Your can’t trust customers

I love customers! It would be churlish not to: they pay my mortgage, they pay for my groceries.  More important, they give my life meaning and save me from the despair over wasted effort, the woe for lost, irreplaceable hours of life that comes when a product I’ve worked long and hard to develop is abandoned or becomes shelf-ware.

So I love customers!

But I don’t trust them.

  • You will say, “it requires Java 7”. They will try to use Java 1.4.
  • You will say, “it requires Microsoft Server 2012”.  They will try to install it on XP.
  • You will say, “it runs on CentOS.” They will install it on Debian.

In every case, your support team will hear anguished tales of your product ruining lives, and your sales reps will glare at you in the kitchen. The lesson: minimize the customer’s role in deploying your system.

One approach, if it fits in your pricing model, is to require purchase of professional services to perform an install.  You send your people on site, and they establish a working system. (A major down-side to this is that it introduces a barrier to trying your product, a barrier to sales.  Another problem is difficulties in scaling to high volume sales.)

In any event, your product must be as self-contained as possible.  For example, if you are deploying a Java product, you must include your own Java Runtime.

If possible, sell your product as a hardware appliance.  Ship blades or boxes that you have provisioned at your own facilities, with staff well-versed in how to do this.

The ultimate step in customer-proofing your deployment would be to offer hosted services.  But this requires a huge amount of dev-ops expertise, even if you delegating system and facilities management to cloud services such as  AWS or Rackspace. You will know whether or not you have the necessary expertise. If you aren’t sure, then you don’t.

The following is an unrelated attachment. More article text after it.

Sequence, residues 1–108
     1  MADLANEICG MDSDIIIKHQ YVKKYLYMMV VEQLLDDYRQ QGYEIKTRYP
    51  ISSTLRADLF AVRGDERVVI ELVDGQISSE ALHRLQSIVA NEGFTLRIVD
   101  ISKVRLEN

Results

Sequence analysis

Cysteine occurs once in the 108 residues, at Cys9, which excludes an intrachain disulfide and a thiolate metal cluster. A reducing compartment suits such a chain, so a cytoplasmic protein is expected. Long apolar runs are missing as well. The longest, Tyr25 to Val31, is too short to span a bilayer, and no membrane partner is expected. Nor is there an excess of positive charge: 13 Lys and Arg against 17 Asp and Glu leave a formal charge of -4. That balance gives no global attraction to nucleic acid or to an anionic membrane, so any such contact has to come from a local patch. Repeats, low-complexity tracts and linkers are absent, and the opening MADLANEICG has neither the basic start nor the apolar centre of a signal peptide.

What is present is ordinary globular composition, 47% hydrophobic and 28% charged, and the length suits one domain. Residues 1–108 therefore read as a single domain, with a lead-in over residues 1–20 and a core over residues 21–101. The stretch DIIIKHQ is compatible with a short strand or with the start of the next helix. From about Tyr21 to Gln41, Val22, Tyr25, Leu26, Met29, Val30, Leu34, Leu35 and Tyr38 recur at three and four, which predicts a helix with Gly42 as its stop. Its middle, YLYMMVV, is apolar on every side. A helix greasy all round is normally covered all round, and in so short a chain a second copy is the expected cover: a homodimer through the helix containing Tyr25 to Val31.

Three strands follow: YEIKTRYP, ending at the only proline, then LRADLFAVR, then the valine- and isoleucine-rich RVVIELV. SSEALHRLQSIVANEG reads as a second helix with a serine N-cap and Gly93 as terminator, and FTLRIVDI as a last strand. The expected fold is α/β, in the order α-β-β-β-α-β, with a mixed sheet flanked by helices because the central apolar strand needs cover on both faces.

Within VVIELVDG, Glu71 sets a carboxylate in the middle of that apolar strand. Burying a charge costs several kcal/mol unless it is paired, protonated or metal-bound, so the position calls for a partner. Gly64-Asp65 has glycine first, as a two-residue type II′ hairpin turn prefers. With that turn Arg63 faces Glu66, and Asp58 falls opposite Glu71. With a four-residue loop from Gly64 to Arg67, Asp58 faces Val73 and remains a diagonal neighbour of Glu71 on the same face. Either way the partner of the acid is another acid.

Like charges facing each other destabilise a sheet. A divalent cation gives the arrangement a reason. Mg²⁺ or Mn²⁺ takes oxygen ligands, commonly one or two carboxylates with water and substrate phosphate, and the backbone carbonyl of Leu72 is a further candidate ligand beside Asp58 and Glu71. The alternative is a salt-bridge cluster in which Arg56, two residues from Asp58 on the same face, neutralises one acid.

And if none of this is possible, your product’s install procedure should be as simple as possible. If it requires your customer to edit a file or follow a page of instructions, it needs work.

The philosophy of limiting customer involvement has a role in how your implement your customer support.  If your customers will allow remote monitoring of their systems, then by all means implement mechanisms to report system status and configuration directly to you.  Having system crashes and dumps automatically sent to your support team is also an advantage.  (Of course, many customers would not permit any such access to their internal systems,)

In most cases your customer wants your product to pay for itself many times over with no effort on his part (See my blog post, I don’t want to learn your product.)  The more you can accommodate this wish, the happier you both will be.

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